Comparing GED and Grads

We came to agree that Cameron-Heckman's research comparing labor market outcomes of young male GED holders and young male HS diploma holders has important strengths. The outcome measures, hourly wages and annual earnings at ages 25 and 28, are clearly important. The research design is solid: Cameron-Heckman compared labor market outcomes for males with different educational credentials after using statistical techniques to account for differences in family backgrounds. We came to agree that Cameron and Heckman are right: young males who obtain a GED prior to the age of 25 do not fare as well in the labor market at ages 25 and 28 as males with conventional high school diplomas do.

At the same time, we came to agree that, while the media paid little attention to the limits of the Cameron-Heckman sample, they are important to keep in mind. Cameron-Heckman provide no information on the value of the GED credential to females. Nor did the study provide information on the value of the GED for adult immigrants, who constitute a large part of the clientele for adult education, or for adults who obtain a GED after the age of 24, about 36 percent of recipients nationally.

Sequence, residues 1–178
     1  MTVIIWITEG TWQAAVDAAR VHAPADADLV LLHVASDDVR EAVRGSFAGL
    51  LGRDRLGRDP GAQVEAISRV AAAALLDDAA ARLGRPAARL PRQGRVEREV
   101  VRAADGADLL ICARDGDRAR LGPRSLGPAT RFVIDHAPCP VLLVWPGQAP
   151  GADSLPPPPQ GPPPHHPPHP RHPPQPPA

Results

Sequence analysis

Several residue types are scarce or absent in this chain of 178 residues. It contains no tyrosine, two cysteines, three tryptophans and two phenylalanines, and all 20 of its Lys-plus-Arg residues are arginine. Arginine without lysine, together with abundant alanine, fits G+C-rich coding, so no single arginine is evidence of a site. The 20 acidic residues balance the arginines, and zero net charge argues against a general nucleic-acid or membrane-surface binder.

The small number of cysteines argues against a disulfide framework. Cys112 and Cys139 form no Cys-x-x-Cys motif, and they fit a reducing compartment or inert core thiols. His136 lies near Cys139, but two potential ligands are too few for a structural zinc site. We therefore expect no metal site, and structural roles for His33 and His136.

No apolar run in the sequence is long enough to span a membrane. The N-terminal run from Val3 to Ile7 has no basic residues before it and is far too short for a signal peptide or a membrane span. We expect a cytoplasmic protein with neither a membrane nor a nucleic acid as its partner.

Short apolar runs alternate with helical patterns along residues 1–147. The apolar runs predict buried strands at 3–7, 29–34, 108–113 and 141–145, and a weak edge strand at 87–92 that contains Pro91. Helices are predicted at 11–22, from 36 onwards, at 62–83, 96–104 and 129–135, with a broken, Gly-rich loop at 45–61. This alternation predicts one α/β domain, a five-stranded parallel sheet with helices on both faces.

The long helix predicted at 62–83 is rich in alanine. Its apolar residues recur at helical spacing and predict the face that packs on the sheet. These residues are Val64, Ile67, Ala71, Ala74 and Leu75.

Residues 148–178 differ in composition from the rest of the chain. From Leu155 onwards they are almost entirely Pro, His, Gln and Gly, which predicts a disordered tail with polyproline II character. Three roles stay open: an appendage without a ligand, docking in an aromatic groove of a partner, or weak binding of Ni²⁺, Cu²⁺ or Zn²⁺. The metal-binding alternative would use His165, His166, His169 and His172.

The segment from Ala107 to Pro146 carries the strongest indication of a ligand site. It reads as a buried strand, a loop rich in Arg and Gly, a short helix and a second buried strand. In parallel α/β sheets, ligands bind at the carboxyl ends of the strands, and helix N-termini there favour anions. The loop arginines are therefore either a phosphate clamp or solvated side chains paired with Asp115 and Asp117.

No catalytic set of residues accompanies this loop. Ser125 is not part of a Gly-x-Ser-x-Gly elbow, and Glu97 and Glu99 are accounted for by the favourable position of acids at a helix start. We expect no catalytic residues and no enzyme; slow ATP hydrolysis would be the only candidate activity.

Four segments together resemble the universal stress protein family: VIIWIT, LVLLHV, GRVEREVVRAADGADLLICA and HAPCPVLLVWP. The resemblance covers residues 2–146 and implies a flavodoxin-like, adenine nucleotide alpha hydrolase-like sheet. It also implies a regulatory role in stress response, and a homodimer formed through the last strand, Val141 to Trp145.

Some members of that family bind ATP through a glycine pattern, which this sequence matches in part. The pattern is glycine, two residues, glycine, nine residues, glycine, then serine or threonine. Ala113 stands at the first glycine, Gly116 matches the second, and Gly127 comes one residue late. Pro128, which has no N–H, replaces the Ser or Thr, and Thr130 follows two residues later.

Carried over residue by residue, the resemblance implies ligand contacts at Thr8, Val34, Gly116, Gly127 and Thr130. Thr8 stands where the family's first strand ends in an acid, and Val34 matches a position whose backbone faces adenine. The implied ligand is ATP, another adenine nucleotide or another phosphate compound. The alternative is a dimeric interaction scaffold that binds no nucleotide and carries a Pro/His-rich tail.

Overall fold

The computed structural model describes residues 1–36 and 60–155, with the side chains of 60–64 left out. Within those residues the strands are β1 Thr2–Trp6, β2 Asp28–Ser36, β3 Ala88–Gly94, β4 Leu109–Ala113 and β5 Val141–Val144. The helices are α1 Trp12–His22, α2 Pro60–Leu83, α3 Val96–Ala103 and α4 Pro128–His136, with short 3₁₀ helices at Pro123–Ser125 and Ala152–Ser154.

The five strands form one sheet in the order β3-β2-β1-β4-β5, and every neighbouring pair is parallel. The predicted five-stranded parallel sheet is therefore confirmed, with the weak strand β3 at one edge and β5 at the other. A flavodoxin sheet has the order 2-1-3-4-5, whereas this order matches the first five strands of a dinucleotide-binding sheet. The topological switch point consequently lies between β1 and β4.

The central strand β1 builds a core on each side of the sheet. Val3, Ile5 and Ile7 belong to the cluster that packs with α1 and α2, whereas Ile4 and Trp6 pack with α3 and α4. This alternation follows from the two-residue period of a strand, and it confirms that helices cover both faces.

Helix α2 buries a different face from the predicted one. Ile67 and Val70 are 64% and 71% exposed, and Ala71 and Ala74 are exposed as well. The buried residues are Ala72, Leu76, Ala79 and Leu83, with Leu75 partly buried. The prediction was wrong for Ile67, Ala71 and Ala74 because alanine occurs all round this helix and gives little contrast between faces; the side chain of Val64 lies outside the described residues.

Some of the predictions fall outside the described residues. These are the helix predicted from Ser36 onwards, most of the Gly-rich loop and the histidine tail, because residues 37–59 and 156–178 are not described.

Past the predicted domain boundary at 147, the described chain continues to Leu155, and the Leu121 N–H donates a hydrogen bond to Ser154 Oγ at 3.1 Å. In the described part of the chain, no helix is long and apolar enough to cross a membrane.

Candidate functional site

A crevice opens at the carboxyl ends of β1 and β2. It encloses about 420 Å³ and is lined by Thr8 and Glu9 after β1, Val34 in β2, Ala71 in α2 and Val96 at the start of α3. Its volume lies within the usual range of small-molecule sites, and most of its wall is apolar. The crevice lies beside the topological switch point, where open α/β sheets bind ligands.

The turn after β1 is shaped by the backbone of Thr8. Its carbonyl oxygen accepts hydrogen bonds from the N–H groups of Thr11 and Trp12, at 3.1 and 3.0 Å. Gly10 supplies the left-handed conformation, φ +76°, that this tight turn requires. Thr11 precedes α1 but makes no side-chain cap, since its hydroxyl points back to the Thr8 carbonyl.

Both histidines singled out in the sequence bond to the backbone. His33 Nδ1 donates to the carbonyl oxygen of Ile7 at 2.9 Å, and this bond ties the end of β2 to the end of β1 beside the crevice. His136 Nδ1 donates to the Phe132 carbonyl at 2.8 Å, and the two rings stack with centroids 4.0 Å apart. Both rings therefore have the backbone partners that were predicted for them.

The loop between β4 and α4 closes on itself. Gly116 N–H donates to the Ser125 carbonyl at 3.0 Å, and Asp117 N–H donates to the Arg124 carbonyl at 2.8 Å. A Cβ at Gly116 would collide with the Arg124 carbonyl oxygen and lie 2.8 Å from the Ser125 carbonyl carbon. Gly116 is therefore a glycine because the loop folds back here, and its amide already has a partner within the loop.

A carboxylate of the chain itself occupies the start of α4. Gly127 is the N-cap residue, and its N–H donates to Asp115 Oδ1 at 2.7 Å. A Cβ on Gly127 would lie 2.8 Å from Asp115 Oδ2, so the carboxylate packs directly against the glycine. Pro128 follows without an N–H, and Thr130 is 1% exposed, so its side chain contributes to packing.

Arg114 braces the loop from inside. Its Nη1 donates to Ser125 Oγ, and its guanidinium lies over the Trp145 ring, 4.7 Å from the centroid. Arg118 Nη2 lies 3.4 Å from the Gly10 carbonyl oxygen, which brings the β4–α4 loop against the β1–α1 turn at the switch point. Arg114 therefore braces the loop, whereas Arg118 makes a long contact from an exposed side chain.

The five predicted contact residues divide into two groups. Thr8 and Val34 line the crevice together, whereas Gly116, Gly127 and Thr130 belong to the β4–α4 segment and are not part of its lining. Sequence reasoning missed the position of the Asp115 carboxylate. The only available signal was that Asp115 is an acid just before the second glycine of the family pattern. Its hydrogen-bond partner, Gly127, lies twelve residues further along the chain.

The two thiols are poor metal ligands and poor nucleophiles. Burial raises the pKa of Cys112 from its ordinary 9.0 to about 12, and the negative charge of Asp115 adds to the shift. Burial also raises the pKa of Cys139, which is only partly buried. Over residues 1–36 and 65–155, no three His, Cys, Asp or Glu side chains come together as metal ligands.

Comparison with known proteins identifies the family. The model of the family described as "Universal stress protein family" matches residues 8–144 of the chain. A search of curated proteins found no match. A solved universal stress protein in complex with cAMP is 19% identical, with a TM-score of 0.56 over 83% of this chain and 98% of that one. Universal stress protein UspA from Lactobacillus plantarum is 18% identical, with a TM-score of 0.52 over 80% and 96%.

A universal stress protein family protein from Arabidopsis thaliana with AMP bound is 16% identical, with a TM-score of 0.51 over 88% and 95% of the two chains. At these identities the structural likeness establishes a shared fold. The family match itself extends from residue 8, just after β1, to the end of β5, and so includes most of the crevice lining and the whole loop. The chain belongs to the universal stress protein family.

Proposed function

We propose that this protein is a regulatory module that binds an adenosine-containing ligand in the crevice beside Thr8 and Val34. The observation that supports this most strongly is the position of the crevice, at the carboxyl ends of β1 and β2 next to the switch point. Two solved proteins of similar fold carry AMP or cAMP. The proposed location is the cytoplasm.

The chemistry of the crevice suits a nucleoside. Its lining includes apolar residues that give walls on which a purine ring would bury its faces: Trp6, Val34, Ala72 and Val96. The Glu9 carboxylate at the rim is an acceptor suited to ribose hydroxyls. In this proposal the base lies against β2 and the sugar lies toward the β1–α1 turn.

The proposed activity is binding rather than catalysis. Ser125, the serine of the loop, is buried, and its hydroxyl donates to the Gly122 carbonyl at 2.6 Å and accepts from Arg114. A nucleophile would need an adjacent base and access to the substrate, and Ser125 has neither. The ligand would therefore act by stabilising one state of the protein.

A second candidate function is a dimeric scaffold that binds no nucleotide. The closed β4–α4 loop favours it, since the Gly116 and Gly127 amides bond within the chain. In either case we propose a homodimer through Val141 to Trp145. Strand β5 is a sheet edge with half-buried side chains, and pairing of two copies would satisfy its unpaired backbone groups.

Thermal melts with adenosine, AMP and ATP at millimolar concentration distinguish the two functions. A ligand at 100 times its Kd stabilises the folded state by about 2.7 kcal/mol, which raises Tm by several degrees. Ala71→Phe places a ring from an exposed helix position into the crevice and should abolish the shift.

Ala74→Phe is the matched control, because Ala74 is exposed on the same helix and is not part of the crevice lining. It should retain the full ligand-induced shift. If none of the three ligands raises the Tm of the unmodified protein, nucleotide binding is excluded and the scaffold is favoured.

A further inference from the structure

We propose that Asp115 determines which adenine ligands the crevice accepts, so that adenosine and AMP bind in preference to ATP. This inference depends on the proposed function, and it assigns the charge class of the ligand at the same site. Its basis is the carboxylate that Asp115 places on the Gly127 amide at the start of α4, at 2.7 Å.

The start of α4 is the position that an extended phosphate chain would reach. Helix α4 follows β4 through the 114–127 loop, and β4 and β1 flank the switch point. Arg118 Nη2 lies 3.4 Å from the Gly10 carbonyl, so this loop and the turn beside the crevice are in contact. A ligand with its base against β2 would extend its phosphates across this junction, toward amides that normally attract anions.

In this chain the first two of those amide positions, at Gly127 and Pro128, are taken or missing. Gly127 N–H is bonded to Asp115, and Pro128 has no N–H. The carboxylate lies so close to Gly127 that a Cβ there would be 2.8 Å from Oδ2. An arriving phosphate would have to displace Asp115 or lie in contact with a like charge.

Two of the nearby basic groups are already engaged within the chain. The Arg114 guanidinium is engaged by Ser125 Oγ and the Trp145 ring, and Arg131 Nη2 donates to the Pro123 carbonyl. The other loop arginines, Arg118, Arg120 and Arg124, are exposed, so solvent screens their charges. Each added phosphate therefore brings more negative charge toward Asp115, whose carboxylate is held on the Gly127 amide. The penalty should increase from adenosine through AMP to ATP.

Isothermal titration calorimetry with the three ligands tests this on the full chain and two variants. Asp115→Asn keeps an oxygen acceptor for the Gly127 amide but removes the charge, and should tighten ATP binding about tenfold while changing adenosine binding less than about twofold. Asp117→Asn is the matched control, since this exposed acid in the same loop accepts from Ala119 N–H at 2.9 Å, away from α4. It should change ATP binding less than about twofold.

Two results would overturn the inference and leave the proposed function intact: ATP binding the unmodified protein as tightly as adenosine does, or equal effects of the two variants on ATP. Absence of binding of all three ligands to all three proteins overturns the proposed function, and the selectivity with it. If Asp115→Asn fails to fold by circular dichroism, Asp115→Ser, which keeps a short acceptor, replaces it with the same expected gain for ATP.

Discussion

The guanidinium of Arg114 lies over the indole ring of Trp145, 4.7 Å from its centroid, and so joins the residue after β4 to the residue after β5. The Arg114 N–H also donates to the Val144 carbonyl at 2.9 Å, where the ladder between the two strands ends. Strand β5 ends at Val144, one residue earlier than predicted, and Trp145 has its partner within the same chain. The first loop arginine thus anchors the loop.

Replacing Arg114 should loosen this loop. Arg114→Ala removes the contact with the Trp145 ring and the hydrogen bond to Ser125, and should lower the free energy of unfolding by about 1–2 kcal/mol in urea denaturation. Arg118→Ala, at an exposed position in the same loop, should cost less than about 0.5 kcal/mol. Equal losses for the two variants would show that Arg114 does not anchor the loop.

Economic Benefits?

An important question to adult educators and to us is whether school dropouts gain economic benefit from obtaining a GED. A reliable answer requires a comparison of the labor market outcomes of GED recipients with the labor market outcomes GED recipients would have had, had they not obtained the credential. Of course, by definition, this counter-factual comparison group does not exist. The conventional research strategy is to use dropouts who do not get a GED (permanent dropouts) as the comparison group. This strategy has some flaws because, on average, GED recipients completed more years of schooling before dropping out than did permanent dropouts and they had higher grades and test scores while in school. As a result, the GED recipients probably would have fared better in the labor market even without the GED credential than permanent dropouts. Researchers typically use statistical methods to control for differences between GED recipients and permanent dropouts to isolate a GED effect, although this can be difficult and may not be completely satisfactory.